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N Mohan Vs R Madhu (2019): Right To Appeal U/S 96(2) Of CPC Is A Statutory Right Which Cannot Be Taken Away Merely Because An Application Filed Under Order Ix Rule 13 Was Dismissed

Umamageswari Maruthappan ,
  28 September 2021       Share Bookmark

Court :
The Supreme Court of India
Brief :
The Appellant had borrowed some money from the Respondent, but it was alleged that he did not repay it on time. A petition against the Appellant was filed and an ex parte decree was passed by the Additional District Judge. The Appellant's subsequent plea under Order IX Rule 13 of CPC, along with an application under Section 5 of the Limitation Act, were dismissed by the District Court, High Court and the Supreme Court. Thereafter, he approached the Madras High Court by way of first appeal under Section 96 (2) of the CPC, but the same was dismissed. When the matter was placed before the Supreme Court, the Court allowed the appeal and set aside the High Court's dismissal order.
Citation :
CIVIL APPEAL NO. 8898 OF 2019

Date of Judgement:
21st November 2019

Coram:
Justices R. Banumati, A.S. Bopanna, Hrishikesh Roy

Parties:
Appellant: N. Mohan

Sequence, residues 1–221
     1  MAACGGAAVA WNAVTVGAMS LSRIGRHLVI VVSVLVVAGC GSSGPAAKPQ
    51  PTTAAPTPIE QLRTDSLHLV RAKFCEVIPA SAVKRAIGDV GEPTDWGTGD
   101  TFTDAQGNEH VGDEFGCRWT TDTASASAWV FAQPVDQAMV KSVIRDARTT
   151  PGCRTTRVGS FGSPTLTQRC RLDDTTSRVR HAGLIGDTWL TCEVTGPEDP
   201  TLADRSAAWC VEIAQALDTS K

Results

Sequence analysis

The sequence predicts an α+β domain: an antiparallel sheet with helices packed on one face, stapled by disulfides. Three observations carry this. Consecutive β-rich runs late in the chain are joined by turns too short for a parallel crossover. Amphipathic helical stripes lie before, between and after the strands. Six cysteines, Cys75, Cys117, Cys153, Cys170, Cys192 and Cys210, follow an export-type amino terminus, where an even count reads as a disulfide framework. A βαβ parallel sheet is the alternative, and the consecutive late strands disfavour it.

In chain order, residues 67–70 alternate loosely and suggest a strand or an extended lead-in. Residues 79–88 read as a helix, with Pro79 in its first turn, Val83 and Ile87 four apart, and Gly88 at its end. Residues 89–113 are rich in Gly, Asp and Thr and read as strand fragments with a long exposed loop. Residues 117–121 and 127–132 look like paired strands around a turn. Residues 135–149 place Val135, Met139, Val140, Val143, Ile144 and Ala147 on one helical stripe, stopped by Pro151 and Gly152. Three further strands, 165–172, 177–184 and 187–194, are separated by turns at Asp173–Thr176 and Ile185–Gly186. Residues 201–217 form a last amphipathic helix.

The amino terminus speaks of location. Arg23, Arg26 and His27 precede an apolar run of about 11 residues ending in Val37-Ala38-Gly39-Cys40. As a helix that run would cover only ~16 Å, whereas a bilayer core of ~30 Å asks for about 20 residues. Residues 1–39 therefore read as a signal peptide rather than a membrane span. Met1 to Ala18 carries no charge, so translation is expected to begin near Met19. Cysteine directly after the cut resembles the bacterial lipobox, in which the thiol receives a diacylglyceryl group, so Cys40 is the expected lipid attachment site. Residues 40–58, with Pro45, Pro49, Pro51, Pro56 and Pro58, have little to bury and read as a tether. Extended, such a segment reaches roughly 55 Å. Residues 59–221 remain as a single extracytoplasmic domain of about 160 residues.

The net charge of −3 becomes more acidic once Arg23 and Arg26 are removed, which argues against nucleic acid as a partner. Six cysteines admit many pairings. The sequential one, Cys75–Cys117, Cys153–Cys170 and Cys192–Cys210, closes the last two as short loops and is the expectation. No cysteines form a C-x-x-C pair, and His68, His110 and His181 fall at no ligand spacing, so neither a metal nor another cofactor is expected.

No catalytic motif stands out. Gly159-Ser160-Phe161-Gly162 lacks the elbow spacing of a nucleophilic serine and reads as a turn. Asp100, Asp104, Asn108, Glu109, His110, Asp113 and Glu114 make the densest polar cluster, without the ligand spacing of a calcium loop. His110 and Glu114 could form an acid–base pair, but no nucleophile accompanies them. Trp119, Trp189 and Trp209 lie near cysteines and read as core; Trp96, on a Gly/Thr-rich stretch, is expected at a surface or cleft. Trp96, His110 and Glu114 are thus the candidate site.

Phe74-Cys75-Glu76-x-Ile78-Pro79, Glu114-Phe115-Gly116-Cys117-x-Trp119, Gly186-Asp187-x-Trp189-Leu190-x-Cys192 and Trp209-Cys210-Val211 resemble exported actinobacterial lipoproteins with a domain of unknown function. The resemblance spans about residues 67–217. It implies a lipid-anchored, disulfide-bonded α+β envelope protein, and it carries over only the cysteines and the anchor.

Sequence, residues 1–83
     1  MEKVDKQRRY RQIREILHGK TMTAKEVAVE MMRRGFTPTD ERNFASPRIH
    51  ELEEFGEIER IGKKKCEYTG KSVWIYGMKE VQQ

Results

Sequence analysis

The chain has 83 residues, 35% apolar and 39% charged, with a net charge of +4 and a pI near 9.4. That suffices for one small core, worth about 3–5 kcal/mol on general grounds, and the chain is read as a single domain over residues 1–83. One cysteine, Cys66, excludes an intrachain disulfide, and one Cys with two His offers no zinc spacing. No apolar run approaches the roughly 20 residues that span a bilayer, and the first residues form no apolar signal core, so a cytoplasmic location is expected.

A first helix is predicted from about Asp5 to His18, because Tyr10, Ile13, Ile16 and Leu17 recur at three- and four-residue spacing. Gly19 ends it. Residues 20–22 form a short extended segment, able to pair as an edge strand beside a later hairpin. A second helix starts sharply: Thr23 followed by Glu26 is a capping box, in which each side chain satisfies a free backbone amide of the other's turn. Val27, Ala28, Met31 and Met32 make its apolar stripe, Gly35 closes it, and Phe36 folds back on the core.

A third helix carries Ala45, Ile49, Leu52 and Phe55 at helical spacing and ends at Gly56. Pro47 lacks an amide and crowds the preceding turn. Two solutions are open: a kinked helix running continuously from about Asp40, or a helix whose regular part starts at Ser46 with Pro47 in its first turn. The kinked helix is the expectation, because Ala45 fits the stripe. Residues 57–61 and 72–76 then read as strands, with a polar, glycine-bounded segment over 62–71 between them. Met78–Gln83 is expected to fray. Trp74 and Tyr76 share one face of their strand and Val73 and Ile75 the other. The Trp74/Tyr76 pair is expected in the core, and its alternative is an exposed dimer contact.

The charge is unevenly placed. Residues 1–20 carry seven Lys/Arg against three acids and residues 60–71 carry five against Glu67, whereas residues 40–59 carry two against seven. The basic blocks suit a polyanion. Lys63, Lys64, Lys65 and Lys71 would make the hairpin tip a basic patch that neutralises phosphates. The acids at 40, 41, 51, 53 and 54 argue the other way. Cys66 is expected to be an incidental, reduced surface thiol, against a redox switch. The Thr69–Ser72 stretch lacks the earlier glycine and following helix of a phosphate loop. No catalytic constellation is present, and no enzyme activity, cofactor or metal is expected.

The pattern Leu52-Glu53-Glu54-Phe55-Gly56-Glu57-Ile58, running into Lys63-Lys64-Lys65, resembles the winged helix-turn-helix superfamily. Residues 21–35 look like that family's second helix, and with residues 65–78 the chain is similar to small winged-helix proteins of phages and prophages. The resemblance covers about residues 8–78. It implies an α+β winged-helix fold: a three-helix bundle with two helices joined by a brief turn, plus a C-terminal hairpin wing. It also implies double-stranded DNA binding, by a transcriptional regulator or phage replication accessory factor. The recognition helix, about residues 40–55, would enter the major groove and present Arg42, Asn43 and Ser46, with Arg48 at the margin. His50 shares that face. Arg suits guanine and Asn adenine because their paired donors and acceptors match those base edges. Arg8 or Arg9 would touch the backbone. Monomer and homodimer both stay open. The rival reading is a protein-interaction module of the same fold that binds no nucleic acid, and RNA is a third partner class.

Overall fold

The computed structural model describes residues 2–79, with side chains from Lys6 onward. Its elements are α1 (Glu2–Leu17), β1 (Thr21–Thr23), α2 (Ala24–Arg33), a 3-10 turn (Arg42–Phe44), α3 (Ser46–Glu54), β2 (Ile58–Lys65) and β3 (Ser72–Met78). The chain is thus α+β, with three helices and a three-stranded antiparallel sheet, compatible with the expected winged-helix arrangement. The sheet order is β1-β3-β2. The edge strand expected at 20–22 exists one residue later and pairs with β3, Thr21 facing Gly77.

Respondent: R. Madhu

Subject

The main subject of the judgement was the applicability of and relationship between Order IX Rule 13 and Section 96 (2) of the Code of Civil Procedure, 1908.

Overview

  • The Appellant, a businessman, received Rs. 45,00,000/- from the Respondent to finance his business needs. It was agreed that the said amount would be returned to the Respondent within two months, with an interest of 18% per annum. However, there was no written acknowledgement of the transaction and the promise.
  • The Appellant did not return the amount within the said time. But, it was said that he had issued two post-dated cheques, of Rs. 25,00,000/- and Rs. 20,00,000/- respectively. But when the cheques were presented for collection, they were returned back stating that payments have been stopped by the drawer.
  • Consequently, the Respondent filed a suit before the Additional District Judge, Tiruchirapalli, and an ex-parte decree was passed on 9th October 2015.
  • The Appellant filed a suit for setting aside the ex-parte decree under Order IX Rule 13 of the Civil Procedure Code, 1908. He also filed an application under Section 5 of the Limitation Act, 1963, condoning his delay in filing the suit under CPC.
  • He pleaded that the summons was served in his old house at Trichy which did not come to his notice as he shifted to Chennai in 2014.
  • However, his plea was rejected by the Trial Court, the High Court as well as the Supreme Court. Later, the Appellant filed the first appeal before the High Court.
  • The same was dismissed along with the application of condonation of delay on the ground that since the matter has been dismissed in the earlier proceedings, the Appellant cannot file a first appeal.
  • The Appellant approached the Supreme Court.

Issues Involved:

  • Whether a first appeal under Section 96(2) of the CPC filed against the ex-parte decree is maintainable even after the dismissal of the application filed under Order IX Rule 13 CPC for condonation of delay in filing the appeal?